Monthly Spearfishing Report August 2006

Monthly Report – August 2006

Conditions

Strong north easterly winds and rough seas generally spoiling conditions along the natal coast for much of the month. This type of weather was normal for August fifteen years back when it was considered one of the windiest months along the natal coast. Some big blows coming up from the Cape in the form of south westerly fronts adding to the unsettled weather and causing very cold weather in the hinterland.

Fish wise

Shore fishermen having a very good winter season with plenty of action up and down the natal coast. This bodes well for spearfishermen with some species targeted by both fishermen and spearfishermen. Not too much spearing done this month owing to the unfavourable sea conditions but shore diving targeting points and the inshore reefs probably the better option. Lots of east coast rock lobster on the 30 to 40 foot reefs and nice to take a bag home for a braai.

Cape Vidal

The place to be if you are into big cuda with some serious action up at Leven Point with Brett Dickson’s 31kg monster a real class fish. Unfortunately the weather in this area has been very unsettled making for rough seas and marginal diving conditions. The big cuda are running on the deep ledge and are about ten foot off the bottom. They did not seem too interested in flashers and spending as much time down as possible was the best tactic even though the bad viz made it pretty spooky. No shark action to speak of but the thought was often there in the bad viz.

Spear Problems

I wonder how many spearos have lost class fish that should have been boated if not for some spear defect. When you are shooting reef fish spear defects are not as evident as when taking max range shots on big gamefish and losing a big fish hurts a lot more than your average reefie. I suppose the lessons are simple such as putting new spears on before going away on a gamefish hunting outing. If you are missing or losing fish for some unobvious reason it is better to use another gun or change the spear rather than try to work out what is wrong.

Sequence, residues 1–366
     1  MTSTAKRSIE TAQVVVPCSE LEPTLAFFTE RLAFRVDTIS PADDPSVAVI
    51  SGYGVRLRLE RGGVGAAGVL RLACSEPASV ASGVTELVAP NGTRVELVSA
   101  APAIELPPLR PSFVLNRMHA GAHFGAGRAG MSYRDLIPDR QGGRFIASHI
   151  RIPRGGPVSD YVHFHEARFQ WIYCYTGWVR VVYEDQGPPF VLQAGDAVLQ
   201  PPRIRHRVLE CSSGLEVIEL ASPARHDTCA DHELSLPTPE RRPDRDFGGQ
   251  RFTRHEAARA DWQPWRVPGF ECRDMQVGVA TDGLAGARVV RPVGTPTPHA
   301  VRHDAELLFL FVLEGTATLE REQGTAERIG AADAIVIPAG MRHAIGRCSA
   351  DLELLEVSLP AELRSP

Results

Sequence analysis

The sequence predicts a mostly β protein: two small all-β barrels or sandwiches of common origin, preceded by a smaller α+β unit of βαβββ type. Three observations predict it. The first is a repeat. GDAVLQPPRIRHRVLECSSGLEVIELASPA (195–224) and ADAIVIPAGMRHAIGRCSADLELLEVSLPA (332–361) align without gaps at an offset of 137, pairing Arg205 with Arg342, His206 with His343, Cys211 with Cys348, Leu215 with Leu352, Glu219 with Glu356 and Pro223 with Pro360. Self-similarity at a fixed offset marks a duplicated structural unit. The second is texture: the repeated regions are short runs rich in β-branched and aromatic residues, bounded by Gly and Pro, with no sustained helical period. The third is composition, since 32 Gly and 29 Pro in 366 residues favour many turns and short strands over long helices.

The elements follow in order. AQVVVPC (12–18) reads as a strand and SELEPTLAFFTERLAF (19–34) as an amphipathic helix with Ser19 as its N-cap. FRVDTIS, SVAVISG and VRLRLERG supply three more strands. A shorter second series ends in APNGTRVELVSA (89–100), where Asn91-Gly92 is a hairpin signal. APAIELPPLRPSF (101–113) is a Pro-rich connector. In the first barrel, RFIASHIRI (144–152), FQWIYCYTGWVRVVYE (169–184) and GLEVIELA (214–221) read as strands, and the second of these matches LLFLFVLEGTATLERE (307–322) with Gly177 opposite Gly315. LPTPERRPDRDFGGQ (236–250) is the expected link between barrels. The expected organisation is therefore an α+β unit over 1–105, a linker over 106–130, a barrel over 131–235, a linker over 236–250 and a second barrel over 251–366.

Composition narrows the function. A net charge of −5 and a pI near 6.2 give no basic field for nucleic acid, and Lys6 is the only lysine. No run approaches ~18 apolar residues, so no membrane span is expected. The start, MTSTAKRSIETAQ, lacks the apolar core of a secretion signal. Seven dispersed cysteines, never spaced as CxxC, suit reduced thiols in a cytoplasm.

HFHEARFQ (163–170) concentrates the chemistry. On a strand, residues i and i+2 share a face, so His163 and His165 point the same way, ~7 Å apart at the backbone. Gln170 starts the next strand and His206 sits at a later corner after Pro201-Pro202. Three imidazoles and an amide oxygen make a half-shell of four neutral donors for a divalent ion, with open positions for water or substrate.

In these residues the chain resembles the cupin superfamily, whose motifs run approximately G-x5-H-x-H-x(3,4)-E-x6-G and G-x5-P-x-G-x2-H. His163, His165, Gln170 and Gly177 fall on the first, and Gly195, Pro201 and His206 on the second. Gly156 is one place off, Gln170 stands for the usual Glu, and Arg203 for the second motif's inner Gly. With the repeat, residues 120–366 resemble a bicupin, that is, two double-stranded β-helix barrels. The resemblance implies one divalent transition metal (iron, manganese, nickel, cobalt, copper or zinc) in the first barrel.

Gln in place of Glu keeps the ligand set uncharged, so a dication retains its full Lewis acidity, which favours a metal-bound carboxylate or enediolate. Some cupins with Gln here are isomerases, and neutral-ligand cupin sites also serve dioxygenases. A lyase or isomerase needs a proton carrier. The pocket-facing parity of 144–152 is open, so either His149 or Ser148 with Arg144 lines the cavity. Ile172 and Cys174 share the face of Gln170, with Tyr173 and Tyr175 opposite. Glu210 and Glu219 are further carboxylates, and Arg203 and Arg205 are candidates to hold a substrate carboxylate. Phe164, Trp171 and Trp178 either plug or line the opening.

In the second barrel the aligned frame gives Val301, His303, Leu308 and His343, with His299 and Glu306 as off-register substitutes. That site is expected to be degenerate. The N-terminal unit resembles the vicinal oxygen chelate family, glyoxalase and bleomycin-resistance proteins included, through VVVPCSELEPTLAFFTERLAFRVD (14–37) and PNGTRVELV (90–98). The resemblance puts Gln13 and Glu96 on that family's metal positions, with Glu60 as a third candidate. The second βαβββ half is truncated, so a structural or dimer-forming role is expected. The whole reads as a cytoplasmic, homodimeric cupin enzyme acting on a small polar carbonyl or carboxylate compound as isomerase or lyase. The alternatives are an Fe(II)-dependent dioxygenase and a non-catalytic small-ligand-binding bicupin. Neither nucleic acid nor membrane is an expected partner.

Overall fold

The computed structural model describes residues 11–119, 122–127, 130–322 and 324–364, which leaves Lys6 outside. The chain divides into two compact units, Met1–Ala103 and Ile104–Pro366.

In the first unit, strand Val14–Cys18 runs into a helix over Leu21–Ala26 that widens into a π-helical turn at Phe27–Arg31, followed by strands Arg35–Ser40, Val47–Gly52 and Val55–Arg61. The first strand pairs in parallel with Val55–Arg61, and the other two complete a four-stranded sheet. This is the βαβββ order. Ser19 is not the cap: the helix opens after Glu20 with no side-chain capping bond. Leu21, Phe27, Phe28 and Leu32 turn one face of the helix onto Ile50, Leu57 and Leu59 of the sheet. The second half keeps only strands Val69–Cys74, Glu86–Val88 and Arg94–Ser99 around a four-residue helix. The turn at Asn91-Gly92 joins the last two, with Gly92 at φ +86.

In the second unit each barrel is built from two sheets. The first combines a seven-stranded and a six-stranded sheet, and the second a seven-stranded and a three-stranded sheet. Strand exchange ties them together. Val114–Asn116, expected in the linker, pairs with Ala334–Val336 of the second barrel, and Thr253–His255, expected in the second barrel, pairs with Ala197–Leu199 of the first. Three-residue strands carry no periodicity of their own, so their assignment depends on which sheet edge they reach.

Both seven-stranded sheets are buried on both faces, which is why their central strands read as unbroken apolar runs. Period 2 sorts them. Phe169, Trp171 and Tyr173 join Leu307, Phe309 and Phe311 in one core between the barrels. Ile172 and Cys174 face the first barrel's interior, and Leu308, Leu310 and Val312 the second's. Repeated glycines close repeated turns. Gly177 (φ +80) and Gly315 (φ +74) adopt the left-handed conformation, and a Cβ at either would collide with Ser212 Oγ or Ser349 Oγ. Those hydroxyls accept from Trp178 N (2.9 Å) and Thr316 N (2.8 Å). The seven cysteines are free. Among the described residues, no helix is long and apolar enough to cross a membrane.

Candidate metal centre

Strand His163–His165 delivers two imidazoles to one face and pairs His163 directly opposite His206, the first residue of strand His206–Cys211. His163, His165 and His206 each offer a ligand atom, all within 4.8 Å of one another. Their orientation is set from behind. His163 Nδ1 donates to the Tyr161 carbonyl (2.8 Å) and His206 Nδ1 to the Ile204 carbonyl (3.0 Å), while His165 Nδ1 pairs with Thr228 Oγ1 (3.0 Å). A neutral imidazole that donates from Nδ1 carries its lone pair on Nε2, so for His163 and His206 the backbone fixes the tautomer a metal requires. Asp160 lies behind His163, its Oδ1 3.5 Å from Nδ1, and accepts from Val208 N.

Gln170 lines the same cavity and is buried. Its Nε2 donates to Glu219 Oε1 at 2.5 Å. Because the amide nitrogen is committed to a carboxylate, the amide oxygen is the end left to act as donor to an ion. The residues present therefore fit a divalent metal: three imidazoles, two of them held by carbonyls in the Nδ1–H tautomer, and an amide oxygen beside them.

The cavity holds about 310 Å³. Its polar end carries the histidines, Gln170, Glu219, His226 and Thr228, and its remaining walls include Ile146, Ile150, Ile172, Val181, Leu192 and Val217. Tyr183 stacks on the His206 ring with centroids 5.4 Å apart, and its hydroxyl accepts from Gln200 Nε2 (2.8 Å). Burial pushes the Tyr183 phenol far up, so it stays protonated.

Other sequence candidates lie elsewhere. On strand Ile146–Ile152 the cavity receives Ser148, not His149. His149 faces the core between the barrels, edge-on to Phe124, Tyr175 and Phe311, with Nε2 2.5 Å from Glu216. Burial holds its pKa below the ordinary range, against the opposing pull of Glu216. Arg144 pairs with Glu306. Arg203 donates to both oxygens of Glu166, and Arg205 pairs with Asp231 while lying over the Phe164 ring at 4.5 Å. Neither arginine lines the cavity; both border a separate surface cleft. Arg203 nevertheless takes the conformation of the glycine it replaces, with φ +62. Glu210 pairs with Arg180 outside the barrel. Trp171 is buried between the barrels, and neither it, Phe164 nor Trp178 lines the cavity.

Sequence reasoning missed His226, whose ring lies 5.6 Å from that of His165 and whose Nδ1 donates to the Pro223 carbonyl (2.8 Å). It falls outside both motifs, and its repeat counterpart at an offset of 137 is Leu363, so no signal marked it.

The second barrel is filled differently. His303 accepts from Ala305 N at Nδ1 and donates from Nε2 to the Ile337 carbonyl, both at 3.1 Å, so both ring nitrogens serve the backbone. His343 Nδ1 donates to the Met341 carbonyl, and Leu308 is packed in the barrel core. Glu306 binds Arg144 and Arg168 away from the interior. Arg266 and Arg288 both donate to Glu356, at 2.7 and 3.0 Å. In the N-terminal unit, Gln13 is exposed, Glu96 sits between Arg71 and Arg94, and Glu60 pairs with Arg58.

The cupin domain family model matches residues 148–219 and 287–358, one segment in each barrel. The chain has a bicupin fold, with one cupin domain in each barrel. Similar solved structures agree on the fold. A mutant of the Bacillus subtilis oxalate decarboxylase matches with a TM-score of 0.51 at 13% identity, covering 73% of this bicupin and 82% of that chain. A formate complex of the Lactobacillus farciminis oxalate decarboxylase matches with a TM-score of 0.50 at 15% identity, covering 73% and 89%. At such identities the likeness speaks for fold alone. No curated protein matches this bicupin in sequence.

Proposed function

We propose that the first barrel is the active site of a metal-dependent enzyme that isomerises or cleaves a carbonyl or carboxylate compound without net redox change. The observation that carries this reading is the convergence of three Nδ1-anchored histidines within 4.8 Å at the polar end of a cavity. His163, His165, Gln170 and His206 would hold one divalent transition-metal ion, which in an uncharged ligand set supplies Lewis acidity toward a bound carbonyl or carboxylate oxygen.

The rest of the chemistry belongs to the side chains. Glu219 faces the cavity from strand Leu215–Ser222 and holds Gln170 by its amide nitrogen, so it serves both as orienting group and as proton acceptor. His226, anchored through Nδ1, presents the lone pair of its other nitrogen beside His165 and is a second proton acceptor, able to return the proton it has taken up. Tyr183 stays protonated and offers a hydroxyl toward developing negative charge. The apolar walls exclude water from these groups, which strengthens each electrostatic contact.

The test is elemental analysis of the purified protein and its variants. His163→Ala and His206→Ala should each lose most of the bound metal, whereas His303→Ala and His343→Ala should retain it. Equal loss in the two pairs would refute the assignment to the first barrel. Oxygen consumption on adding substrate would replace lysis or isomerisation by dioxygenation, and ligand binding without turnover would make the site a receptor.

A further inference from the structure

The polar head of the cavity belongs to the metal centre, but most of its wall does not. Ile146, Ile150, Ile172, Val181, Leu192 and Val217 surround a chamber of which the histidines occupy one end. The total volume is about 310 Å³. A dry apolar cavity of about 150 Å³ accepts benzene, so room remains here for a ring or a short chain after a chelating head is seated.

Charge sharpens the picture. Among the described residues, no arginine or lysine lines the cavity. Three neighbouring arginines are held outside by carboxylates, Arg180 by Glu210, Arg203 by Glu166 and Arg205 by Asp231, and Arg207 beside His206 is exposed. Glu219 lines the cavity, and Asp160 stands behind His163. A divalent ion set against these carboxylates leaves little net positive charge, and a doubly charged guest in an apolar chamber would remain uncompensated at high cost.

Mozambique News

Barry Skinstad, a local spearfisherman based in the Ponta do Ouro area of southern Mozambique for many years, reports that the offshore pinnacles are full of sharks. This could mean that the foreign long liners who have been raping the seas along the unpatrolled Mozambique coast for many years now have had to move off with the increased vigilance of the South African authorities in this area. Hopefully this is the case. The visibility has been very poor for much of this period along this stretch of coast and a number of spearos holidaying in the area have been disappointed.

Shark Attacks

In South Africa shark attacks have averaged 6 per year over the past 40 years along our coast with 8% of the attacks being fatalities. The stats show surfers experiencing a higher incidence of attacks than spearfishermen which is interesting considering that surfers only venture as far as the backline. Shark nets are effective in making bathing beaches safe against shark attack but one needs to weigh-up the negative effect that they have on the environment. Drumlines are probably more environmentally friendly than shark nets where baited hooks are set on anchored drums to catch large sharks but also present a conservation issue.

BuoyWeather.com right on the Button

This was the weather info I was using on a recent trip to Vidal and it definitely lead us to a good days diving that might not have happened otherwise. The weather was very suspect with strong winds and rough seas. Buoyweather predicted a single days break in the weather and despite a difficult launch it was decided to go with their forecast as they had predicted the other days spot-on. The day was perfect and we returned at sunset in a calm sea. The next morning the west was up and the sea had turned to ugly once again. Buoyweather’s virtual buoys are situated quite a distance from the shore and sometimes this has a role to play in the forecast for those divers using it close to shore.

Safe diving, John.